When he was growing up just outside the Ethiopian capital of Addis Ababa – appropriately, a marathon's distance away – Tsegaye Kebede would collect firewood for sale, in order to buy bread and tea for his 13 siblings. The then schoolboy would earn barely £1 a day, none of which he would keep for himself. Later today, he could walk away with a top prize of £33,000.
Last year Kebede pocketed half-a-million dollars for winning the overall World Marathon Majors title, effectively marking him as the world's most consistent marathon runner for the past two years.
Understandably, the defending London Marathon champion, who also won the race in 2010, says: "Running marathons has given me everything. It's amazing. Now my family are living a good life, they have electricity, they have everything, and I'm happy to have given them this chance.
"My running has brought them much happiness. If I didn't run, if I didn't focus on training, I wouldn't have had the chance."
Kebede paints the picture of a happy household when he was growing up. Conditions may have been cramped, the family back then lacked electricity, and he would live off one meal a day, but his ever-present smile barely waned.
"For us, life was very strong for my family," he reflects. "We had nothing, my family, just each other. It was difficult for everybody with no money, no income really at all. After school I would collect wood for my father to sell in Addis."
The one solo outlet for the selfless child was running. Barefoot, he took it up at the age of eight and would rise early each morning to put in his training hours before school. After school he would work, not only collecting firewood but also herding livestock.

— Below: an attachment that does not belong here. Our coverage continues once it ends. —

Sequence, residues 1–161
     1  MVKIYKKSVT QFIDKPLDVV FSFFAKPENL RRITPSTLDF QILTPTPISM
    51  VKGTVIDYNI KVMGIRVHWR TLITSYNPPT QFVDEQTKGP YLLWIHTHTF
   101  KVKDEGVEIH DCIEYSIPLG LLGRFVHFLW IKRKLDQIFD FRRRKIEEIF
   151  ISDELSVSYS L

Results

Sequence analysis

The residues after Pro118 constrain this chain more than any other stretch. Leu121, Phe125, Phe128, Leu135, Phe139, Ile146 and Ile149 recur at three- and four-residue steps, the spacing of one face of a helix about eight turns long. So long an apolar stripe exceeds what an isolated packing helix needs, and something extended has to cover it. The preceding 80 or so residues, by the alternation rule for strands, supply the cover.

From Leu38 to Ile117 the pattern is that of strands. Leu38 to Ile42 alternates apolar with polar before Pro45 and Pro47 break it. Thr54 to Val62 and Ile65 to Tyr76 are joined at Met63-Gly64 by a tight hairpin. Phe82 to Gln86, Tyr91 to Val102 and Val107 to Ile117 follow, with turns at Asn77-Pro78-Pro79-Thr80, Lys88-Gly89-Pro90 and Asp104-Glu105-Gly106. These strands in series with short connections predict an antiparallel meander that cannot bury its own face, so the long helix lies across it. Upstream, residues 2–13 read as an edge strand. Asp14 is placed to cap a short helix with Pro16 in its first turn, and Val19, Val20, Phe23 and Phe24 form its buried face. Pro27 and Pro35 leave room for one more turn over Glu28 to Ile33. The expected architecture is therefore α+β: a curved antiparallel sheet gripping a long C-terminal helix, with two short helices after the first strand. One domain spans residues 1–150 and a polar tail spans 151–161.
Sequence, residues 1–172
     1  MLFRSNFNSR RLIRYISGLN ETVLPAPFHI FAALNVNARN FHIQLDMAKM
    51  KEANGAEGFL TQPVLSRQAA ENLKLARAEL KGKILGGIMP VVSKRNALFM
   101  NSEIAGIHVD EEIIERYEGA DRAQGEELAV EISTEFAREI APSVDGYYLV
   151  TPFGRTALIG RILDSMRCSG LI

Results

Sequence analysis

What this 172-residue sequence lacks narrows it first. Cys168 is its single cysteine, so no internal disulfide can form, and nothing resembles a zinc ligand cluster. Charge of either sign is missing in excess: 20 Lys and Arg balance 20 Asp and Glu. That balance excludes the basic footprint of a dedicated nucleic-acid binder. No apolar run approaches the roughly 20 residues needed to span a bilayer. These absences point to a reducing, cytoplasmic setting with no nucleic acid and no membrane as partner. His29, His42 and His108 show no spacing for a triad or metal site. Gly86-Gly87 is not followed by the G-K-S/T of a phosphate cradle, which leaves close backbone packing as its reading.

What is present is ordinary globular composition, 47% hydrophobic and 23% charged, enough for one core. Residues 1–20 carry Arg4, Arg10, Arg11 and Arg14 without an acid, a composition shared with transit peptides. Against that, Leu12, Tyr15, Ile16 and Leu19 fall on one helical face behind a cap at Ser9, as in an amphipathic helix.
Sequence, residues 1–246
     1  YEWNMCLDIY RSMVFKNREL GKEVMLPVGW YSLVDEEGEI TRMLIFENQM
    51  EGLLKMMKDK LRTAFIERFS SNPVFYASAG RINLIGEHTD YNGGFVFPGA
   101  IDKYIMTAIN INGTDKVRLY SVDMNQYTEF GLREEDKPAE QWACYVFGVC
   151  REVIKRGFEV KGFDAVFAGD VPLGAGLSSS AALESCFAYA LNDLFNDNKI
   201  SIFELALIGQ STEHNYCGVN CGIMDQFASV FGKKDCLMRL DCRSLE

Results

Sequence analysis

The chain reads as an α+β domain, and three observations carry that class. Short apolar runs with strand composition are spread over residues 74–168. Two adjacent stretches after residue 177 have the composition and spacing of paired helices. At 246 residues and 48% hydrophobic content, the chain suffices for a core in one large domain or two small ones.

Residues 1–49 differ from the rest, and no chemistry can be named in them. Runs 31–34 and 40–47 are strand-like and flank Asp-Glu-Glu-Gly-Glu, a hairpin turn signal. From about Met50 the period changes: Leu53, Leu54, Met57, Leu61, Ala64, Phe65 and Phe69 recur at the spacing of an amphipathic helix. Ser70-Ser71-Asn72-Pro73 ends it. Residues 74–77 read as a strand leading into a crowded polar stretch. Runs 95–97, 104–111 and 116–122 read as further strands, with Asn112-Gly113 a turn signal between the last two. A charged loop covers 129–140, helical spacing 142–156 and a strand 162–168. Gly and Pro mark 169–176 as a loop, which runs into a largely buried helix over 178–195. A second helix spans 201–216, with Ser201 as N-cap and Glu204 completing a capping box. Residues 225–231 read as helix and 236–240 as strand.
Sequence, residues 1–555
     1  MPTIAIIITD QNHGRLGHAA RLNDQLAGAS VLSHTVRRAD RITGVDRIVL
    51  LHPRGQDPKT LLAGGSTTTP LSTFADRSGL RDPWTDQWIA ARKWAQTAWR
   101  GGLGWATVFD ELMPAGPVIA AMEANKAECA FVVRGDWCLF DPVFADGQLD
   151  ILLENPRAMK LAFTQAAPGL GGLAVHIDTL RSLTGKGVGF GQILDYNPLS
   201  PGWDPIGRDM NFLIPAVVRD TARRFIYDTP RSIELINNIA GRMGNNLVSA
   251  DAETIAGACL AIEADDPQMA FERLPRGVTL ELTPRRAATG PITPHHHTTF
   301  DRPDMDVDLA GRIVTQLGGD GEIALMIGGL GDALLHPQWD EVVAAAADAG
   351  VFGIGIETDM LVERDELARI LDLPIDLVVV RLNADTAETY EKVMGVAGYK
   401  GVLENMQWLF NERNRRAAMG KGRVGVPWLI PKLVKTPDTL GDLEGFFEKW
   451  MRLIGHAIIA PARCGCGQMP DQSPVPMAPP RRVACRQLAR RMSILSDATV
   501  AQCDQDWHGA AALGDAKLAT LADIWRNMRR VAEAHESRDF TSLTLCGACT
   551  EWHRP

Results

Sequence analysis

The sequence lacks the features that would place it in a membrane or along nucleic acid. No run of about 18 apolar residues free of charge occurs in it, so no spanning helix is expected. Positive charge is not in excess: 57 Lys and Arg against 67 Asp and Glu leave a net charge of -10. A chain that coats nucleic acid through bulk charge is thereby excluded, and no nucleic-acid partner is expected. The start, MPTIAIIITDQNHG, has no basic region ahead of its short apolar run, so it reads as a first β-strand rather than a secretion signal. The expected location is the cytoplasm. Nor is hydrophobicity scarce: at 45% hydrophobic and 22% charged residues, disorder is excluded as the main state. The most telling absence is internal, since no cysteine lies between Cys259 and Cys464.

"I would just run because I enjoyed it," he says. "I still enjoy it. It's the only way to be."
The diminutive distance runner, at 5ft 2in the smallest man in the elite field, happened to have a talent for it. He entered a 10-kilometre race in Addis, where he was talent-spotted by Geteneh Tessema, married to Gete Wami, Paula Radcliffe's great rival, and a man known in Ethiopia as the "champion maker".
By 2007, Kebede was running his first marathon in the Ethiopian capital. The 27-year-old can still vividly recall that debut, in part down to the harrowing moment in which the bus in which he was travelling flipped on its side as he returned from training in the days leading up to it. He downplays the severity of the incident, saying: "The bus fell down a bit of a cliff. It was a little bit of an accident but not too bad. I was OK."
In comparison, his build-up to attempting a third London win has been remarkably smooth. All week he has looked relaxed to the point of horizontal, and "can think of no reason why I can't win". He adds: "Of course we have this amazing competition, but I'm relaxed. Why not? It helps with your mind, I've done the work. Why don't I win? I just have to enjoy it.
" It's my sixth year, and I know every corner. It's like home, with everyone supporting me when I'm running, and clapping. I'm very familiar with it."
In five appearances, Kebede has only once finished off the podium in the capital – he came fifth in 2011 – and his never-say-die attitude held him in particularly good stead a year ago.
With the field setting an alarming pace early on, he dropped back, by as much as one minute at one point. But his penchant for pulling out the stops in the final stages, as he did with a blistering run for Olympic bronze in 2008, came to the fore as he clawed back the leader, Emmanuel Mutai, for the win.
Such is the topsy-turvy nature of marathon running that Kebede is reluctant to make any predictions about the possible pace. However, he says: "I don't think it will be a world record. That's difficult, as the course is a little difficult, up and down. The course record [2:04.44, set by Wilson Kipsang in 2012] I think is possible if the weather is good."
On the start line today, Kebede says he will be running "hungry", metaphorically at least, in parallel with his upbringing.
"If you're hungry in body and mind you get stronger. If I'm hungry one day and don't eat, I know I will eat the next day. It's the same feeling with running. You can beat everything when it's difficult, like with this field. I feel hungry."